Students Stage Protest Highlighting Accommodation Crisis Outside Dáil


A staged protest is ongoing outside the Dáil amid growing concerns over the lack of student accommodation across Ireland. According to representatives from the Union of Students in Ireland (USI), thousands of people have been left without accommodation in time for the new academic year.

Protestors will sleep outside the Dáil building tonight following USI president, Clare Austick highlighting the many students being forced to stay in hotels, B&Bs, and even hostels, or face commuting long journeys to and from college.

We’re angry, we’re outraged we’re frustrated. We’re annoyed that the Government just has not taken our calls on board and haven’t taken the student accommodation crisis seriously enough,” Ms Austick said.

As well as declaring an accommodation crisis, Ms Austick also calls for the government to provide long-term effective and sustainable solutions for students.

We want them to ensure that there’s more purpose-built student accommodation that’s affordable for students, that there is a regulation on rents and that whenever there’s new courses introduced, or new course places are introduced, that there’s always a place for students to sleep in.

This all comes down to access to education. Students have been priced out of education because there’s no accommodation that they can stay in, and enough is enough and this is why we’re here to be heard.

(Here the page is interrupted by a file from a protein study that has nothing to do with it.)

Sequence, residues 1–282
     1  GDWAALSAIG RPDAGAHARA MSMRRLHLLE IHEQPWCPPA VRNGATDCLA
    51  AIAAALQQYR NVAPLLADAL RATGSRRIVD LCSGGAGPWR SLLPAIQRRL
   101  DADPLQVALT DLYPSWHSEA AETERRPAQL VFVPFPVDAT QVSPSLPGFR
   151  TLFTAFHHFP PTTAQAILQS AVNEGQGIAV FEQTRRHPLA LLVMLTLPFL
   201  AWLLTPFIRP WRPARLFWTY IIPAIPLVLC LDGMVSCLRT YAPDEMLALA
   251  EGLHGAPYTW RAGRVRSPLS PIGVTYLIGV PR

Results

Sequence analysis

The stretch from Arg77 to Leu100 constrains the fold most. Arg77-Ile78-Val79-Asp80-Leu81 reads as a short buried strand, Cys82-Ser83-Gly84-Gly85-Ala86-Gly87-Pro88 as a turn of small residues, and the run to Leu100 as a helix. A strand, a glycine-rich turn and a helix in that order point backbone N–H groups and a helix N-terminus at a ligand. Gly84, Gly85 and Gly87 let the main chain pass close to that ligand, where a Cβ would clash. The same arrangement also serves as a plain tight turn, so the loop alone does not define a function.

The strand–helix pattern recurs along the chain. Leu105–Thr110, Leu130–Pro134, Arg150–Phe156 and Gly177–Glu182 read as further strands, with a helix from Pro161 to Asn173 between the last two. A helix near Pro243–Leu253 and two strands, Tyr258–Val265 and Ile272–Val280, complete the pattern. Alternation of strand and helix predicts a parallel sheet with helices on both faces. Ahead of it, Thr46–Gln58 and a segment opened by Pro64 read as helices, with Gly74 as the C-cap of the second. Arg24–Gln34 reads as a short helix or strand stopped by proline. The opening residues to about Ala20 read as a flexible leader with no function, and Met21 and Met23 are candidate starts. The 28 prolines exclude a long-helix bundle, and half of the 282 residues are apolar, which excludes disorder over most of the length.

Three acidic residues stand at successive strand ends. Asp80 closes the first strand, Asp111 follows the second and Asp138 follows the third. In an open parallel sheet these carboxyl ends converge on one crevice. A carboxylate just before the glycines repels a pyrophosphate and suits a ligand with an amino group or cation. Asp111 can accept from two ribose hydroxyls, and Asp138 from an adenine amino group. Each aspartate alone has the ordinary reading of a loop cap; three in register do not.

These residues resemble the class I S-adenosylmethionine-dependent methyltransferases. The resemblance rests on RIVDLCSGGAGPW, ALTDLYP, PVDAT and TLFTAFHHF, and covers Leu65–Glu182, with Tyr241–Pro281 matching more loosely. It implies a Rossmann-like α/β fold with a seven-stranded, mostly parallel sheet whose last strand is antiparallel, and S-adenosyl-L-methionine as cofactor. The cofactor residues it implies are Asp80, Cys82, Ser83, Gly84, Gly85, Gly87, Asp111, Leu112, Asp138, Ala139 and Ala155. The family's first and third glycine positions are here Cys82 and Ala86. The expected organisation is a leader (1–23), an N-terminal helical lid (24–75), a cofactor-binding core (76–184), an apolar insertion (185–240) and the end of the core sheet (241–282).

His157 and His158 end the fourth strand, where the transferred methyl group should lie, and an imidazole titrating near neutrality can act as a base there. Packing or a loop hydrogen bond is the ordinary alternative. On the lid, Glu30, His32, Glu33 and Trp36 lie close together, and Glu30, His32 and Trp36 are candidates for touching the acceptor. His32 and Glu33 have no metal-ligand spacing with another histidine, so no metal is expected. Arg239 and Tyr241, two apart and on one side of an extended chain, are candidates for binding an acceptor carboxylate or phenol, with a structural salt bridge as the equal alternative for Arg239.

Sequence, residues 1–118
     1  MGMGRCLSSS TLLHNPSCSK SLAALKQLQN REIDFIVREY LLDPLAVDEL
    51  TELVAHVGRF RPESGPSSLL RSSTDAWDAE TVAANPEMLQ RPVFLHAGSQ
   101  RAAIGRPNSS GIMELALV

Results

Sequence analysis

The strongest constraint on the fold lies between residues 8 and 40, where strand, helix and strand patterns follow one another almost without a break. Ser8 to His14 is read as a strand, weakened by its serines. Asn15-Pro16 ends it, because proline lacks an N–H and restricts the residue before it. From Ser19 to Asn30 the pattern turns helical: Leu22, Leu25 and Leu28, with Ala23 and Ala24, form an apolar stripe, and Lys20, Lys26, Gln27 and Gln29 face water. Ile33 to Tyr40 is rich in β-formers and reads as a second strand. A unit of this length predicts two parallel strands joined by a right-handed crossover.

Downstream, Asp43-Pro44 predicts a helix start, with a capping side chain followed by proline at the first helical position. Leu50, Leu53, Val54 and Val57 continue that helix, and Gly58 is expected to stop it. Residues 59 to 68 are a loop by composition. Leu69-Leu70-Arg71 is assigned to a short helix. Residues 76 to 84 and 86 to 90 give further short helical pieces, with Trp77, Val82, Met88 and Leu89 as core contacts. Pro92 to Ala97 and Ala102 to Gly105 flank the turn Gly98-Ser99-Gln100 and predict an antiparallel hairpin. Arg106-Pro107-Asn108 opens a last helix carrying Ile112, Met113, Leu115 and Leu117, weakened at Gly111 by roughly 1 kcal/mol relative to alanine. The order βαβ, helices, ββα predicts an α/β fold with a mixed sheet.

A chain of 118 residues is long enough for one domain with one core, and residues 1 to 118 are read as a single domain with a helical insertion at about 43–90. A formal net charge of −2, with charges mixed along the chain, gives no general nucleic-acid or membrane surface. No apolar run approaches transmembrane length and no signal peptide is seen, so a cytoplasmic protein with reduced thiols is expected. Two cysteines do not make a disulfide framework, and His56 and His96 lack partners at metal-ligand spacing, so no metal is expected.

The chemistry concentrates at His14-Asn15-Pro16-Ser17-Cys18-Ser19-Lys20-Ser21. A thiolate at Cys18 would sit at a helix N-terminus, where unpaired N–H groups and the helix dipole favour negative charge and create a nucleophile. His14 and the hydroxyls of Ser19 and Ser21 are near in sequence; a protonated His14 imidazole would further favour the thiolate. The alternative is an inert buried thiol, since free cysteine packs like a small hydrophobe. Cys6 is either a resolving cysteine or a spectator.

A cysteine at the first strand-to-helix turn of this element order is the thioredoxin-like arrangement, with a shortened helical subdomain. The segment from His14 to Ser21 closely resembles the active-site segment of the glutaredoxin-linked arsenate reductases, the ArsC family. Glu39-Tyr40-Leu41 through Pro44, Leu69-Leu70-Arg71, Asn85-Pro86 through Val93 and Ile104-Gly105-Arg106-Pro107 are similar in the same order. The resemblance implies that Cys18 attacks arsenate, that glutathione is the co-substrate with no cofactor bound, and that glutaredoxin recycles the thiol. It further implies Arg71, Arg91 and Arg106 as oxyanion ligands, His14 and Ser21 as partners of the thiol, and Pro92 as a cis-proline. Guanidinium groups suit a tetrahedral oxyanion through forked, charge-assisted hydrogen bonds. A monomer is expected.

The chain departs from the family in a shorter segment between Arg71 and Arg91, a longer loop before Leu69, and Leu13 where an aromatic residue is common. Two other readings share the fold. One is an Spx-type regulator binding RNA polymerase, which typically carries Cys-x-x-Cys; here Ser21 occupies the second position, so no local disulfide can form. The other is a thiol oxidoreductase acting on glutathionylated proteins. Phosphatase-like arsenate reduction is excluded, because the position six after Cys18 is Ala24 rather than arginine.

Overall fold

Beth O’Reilly, sabbatical officer with the USI and former graduate of UCC, believes the problem has worsened over recent years. She accuses the government of wanting to “pull the wool over our eyes” and states: “so, we’re bringing the crisis to their doorstep”.

O’Reilly said they “have to really reckon with what their policies have caused” to the population. Overcoming the struggle of grade inflation, she points that many students, particularly internationals, are now facing huge issues in getting accommodation.

The delayed Leaving Cert results meant that a lot of students didn’t know where they were going to be attending college until a lot of the accommodations was already snatched up. It’s been difficult across all year groups, but I do definitely feel for first years who are really thrown right into the deep end.”

Currently, there is a huge shortage of rental properties in student areas, now spreading to rural areas, including Waterford and Carlow. Dublin City University claim it is experiencing “unprecedented demand” for on-campus accommodation, receiving “at least four applications for every bed-space available”, and now allocate all our rooms with a waiting list operation.

While DCU doesn’t have any evidence to date of deferrals due to lack of accommodation we are aware from our Student’s Union of the significant pressure this deficit is putting on students and their families. There is a significant crisis in student accommodation that has only been exacerbated by the lack of a sustainable and economically viable housing model for student accommodation both off campus and on campus.”

Responding to Sinn Fein TD, Pearse Doherty’s comments on the “ridiculous and unsustainable” lack of accommodation, and calls for more protection, Tánaiste Leo Varadkar said: “It’s something the Government is very much aware of, the challenges that students face as they return to third level education. We responded by increasing the student-assistance funds. COVID-19 has had a significant impact on the availability of bed spaces in on-campus accommodation.